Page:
Ethics

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The great fault of all ethics hitherto has been that they believed themselves to have to deal only with the relations of man to man. In reality, however, the question is what is his attitude to the world and all life that comes within his reach. ~ Albert Schweitzer

Ethics (from the Ancient Greek "ethikos", meaning "arising from habit") is a major branch of philosophy, the study of value or quality. It covers the analysis and employment of concepts such as right, wrong, good, evil, justice and responsibility.

See also:
Morality
Alphabetized by author or source:
A · B · C · D · E · F · G · H · I · J · K · L · M · N · O · P · Q · R · S · T · U · V · W · X · Y · Z · Anon · External links

A[edit]

  • The price of freedom is to decide moral and political issues.

B[edit]

An ethic gone wrong is an essential preliminary to the sweat shop or the concentration camp and the death march. ~ Simon Blackburn
  • The most optimistic ethics have all begun by emphasizing the element of failure involved in the condition of man; without failure, no ethics; for a being who, from the very start, would be an exact co-incidence with himself, in a perfect plenitude, the notion of having-to-be would have no meaning. One does not offer an ethics to a God. It is impossible to propose any to man if one defines him as nature, as something given. The so-called psychological or empirical ethics manage to establish themselves only by introducing surreptitiously some flaw within the manthing which they have first defined.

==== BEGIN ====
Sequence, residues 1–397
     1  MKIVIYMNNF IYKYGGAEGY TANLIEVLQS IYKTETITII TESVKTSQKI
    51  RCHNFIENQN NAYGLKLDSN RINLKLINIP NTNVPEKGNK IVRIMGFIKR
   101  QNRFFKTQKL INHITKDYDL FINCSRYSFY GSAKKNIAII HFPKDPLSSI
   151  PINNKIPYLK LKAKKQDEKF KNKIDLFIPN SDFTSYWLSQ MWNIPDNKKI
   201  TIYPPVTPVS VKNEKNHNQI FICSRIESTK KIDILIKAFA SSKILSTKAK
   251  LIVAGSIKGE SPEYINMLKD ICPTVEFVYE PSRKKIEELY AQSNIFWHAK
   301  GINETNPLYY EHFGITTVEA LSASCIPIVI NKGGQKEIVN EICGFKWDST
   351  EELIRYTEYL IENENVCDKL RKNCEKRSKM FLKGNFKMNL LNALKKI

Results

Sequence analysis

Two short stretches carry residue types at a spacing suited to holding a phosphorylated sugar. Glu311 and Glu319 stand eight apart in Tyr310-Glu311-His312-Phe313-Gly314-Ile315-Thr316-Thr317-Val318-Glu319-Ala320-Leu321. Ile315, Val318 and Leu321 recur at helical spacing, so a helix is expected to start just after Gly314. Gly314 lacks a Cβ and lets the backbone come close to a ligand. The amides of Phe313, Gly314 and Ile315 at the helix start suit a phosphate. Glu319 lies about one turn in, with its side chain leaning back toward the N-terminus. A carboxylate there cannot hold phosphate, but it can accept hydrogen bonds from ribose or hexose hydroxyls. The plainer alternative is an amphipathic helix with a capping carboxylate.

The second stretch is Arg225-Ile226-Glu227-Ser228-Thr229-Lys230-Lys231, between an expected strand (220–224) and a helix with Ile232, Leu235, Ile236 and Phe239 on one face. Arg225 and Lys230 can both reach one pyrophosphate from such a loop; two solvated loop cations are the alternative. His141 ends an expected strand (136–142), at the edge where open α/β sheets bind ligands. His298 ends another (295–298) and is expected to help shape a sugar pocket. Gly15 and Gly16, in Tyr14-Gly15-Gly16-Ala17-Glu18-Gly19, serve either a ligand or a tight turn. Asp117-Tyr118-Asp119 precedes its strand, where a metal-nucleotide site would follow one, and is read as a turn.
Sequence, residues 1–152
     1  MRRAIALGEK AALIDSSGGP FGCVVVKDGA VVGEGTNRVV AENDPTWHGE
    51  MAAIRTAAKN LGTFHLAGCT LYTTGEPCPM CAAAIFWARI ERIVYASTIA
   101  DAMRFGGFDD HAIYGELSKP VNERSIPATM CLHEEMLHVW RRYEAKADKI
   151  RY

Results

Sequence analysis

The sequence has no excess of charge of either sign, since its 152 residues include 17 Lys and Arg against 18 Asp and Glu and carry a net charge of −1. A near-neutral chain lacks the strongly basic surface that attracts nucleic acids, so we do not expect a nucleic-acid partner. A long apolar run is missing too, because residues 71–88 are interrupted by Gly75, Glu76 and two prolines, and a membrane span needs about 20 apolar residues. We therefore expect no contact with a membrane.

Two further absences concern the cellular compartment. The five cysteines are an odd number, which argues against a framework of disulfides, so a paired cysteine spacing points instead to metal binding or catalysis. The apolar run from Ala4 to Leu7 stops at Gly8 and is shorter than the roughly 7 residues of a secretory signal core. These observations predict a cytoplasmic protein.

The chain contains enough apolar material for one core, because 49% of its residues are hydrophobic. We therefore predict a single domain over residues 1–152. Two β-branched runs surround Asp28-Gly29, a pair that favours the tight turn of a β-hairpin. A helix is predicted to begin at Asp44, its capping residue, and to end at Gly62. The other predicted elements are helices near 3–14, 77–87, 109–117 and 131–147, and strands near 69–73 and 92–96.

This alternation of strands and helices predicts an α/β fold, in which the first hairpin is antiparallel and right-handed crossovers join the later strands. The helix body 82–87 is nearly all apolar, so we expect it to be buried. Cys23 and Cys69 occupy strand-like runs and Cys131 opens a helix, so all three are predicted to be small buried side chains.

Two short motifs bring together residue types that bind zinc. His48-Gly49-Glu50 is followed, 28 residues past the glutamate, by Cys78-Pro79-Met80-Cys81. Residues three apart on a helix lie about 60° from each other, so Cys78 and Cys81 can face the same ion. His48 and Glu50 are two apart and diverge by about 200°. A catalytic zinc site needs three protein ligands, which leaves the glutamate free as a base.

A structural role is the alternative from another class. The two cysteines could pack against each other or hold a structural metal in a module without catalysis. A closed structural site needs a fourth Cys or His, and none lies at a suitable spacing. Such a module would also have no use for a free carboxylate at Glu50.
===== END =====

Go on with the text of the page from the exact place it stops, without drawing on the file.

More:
• We have all learned to become sensitive to the physical environment … Perhaps fewer of us are sensitive to what we might call the moral or ethical environment. This is the surrounding climate of ideas about how to live. It determines what we find acceptable or unacceptable, admirable or contemptible. It determines our conception of when things are going well and when they are going badly.
  • We hope for lives whose story leaves us looking admirable; we like our weaknesses to be hidden and deniable... We want to enjoy our lives, and we want to enjoy them with a good conscience … Ethics is disturbing. We are often vaguely uncomfortable when we think of such things as exploitation of the world's resources, or the way our comforts are provided by the miserable labour conditions of the third world … Racists and sexists, like antebellum slave owners in America, always have to tell themselves a story that justifies their system.
  • The ethical decision is always the fearsome decision. When something matters enough that we are afraid of the consequences — afraid that even the honorable choice could result in harm or loss or sorrow — that’s when ethics are involved.
    • Henry W. Bloch, in The Importance of Ethics

C[edit]

  • Poetry is an ethic. By ethic I mean a secret code of behavior, a discipline constructed and conducted according to the capabilities of a man who rejects the falsifications of the categorical imperative.

D[edit]

  • Strong ethics keep corporations healthy. Poor ethics make companies sick. Values are the immune system of every organisation.